If not for Sandra Oh’s committed performance in this allegorical ghostly horror, Umma would be borderline unwatchable. A PG-13 rated flick from director Iris K. Shim and produced by genre maven Sam Raimi should have easily been a home run. Throw in a unique flavor of Korean mythology, a dark, contained story, and a score from frequent Fede Alvarez collaborator Roque Banos, and Umma should be one of the best horror movies of 2022. Sadly, Umma is more of a disappointment than anything else. It takes the concept deathly serious to the point where the audience will laugh at the more absurdist elements when they should be flinching in fear.
Sixteen years ago, Amanda (Oh) left her relationship with her Umma (Korean for “mother”) behind, along with all forms of electricity. Amanda locked it all away in her cellar out on the American farm she has chosen to live at, her newborn daughter coming before anything else. Now, Amanda has gone into beekeeping, and subsequently honey production and sales with her daughter Chrissy (Fivel Stewart). Danny (Dermot Mulroney) remains the family’s only friend, and has helped Chrissy’s Honey Bees sell out online! To keep up with demand, Amanda proposes they develop more bee colonies; however, Chrissy clearly has her mind elsewhere as she turns her attention towards college applications. Amanda continues to be plagued by nightmares of her past, including loud bangs, electrocution, and the tormented cries of her Umma.
When Amanda’s strictly Korean-speaking uncle shows up on her property unannounced, Amanda is forced to confront her past in ways she wished perhaps to never acknowledge. He comes with the news that her Umma is dead, and he doesn’t hide his opinion that it is all Amanda’s fault. He simply drops off the box of Umma’s remains and her cherished possessions, warning that Umma’s anger will grow and begin to seep into Amanda—“mother always gets what she wants.” This ominous message serves as the basis for Umma’s brand of horror: a jump-scare heavy ghost feature that I felt we had long ago left behind in the early 2000s. Try not to laugh when Danny says to Amanda later in the film, “I can hear myself turning into my mother,” as Amanda shoots him a knowing look.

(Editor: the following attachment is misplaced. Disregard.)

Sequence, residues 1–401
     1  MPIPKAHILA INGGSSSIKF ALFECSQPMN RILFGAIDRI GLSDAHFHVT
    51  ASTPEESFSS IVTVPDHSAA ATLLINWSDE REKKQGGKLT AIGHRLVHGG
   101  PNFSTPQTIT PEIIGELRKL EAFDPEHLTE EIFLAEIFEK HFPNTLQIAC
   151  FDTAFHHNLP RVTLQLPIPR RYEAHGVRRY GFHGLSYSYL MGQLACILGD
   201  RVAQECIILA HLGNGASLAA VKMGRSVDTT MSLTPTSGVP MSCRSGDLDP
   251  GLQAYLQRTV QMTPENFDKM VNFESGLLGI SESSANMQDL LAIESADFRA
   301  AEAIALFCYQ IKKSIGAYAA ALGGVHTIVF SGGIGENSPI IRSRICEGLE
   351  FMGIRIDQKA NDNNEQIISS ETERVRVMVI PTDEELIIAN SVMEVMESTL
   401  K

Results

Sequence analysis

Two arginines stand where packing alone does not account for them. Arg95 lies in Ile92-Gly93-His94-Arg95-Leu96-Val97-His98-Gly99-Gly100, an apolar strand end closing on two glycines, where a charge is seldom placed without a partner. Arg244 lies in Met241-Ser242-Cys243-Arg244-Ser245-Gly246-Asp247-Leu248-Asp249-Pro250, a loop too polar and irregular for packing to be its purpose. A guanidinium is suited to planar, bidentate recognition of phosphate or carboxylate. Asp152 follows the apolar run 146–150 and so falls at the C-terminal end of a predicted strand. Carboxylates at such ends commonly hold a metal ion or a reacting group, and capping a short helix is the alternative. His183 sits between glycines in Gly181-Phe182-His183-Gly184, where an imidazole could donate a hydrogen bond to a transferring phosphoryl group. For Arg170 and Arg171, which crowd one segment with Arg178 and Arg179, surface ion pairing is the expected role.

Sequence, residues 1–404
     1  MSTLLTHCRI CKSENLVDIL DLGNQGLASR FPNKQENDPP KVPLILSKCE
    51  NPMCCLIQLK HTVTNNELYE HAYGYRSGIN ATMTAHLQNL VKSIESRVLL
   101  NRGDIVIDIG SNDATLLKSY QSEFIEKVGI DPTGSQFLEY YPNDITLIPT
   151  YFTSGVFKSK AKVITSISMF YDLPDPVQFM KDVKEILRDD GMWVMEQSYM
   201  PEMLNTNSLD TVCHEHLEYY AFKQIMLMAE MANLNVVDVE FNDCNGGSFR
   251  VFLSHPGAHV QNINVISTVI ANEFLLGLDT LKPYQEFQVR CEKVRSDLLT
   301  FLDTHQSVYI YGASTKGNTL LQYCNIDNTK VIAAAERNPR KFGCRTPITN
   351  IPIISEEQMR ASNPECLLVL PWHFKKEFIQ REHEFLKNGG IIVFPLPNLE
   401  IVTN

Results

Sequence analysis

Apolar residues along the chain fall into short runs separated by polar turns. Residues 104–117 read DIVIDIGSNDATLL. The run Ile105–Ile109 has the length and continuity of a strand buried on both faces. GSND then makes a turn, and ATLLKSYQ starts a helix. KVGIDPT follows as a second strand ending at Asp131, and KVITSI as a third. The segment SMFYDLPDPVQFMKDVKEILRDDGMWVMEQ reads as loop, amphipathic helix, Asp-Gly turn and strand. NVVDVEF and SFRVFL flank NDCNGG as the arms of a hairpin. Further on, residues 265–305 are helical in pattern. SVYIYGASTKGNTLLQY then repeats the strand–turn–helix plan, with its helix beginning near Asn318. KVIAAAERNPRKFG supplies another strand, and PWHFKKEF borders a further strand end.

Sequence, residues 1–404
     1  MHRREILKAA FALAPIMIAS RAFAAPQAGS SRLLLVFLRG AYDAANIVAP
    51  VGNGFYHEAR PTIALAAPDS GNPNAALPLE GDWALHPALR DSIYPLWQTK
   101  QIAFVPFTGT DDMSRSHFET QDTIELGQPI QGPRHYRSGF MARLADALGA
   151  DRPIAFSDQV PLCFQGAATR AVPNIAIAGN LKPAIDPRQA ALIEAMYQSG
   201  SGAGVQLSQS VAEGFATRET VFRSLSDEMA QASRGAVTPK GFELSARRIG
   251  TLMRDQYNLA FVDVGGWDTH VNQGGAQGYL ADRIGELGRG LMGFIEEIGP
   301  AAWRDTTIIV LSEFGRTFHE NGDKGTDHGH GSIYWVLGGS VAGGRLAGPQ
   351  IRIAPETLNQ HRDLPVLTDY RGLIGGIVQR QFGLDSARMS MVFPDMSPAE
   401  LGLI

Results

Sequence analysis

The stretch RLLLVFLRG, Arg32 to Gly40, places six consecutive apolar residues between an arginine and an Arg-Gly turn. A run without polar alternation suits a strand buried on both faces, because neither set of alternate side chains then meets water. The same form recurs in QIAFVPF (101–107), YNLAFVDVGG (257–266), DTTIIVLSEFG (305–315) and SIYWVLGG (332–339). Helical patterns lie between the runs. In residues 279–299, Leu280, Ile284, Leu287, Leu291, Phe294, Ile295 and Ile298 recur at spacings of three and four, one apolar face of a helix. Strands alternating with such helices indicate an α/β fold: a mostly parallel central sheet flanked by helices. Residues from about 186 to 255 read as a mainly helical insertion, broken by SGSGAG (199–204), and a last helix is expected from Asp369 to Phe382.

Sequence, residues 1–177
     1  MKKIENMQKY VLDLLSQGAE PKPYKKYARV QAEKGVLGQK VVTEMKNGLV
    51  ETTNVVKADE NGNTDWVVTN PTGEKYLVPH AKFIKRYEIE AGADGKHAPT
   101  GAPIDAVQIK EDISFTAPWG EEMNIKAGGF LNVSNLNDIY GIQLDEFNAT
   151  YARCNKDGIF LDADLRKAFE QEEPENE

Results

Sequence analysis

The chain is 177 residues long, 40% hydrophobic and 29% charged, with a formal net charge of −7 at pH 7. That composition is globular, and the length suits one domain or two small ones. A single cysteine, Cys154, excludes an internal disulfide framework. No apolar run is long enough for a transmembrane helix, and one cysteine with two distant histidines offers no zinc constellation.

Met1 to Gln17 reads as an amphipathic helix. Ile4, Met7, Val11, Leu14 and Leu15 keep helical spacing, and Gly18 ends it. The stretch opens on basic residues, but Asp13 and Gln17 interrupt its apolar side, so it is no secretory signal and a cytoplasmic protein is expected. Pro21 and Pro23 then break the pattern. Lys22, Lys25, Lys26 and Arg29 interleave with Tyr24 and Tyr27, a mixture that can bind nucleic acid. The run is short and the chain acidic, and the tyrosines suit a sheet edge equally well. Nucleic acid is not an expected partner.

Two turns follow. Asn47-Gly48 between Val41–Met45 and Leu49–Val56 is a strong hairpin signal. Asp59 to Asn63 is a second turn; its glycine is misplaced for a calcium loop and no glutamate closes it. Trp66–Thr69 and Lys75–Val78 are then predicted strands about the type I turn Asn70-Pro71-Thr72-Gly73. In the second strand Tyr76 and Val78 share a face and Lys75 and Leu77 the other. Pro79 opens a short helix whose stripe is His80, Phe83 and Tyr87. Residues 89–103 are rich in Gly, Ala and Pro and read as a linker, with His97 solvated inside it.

A woman haunted by her past is fascinating, especially when one has an actress as phenomenal as Sandra Oh playing her. Disappearing ghostly figures and vagaries in morals and messaging do Umma no favors. Ultimately, what brings this down is that the script cannot seem to decide what type of movie it wants to be. Does it want to be serious, emotionally-elevated horror? Does it want to embrace that campy ghost quality of films such as 2005’s Boogeyman? In trying to do both at the same time, Umma trips over its own metaphorical CGI-self. The emotional aspects do not feel earned, the horror element feels half-baked, and the mother/daughter relationship is not nearly as effectively-done as the movie thinks. With all of this stripped away, one is left jamming to the incredible score from Roque Banos, impeccable sound design, and Sandra Oh screaming her way through her next ghostly encounter.
Umma jump-scares its way into theaters everywhere on Friday, March 18th.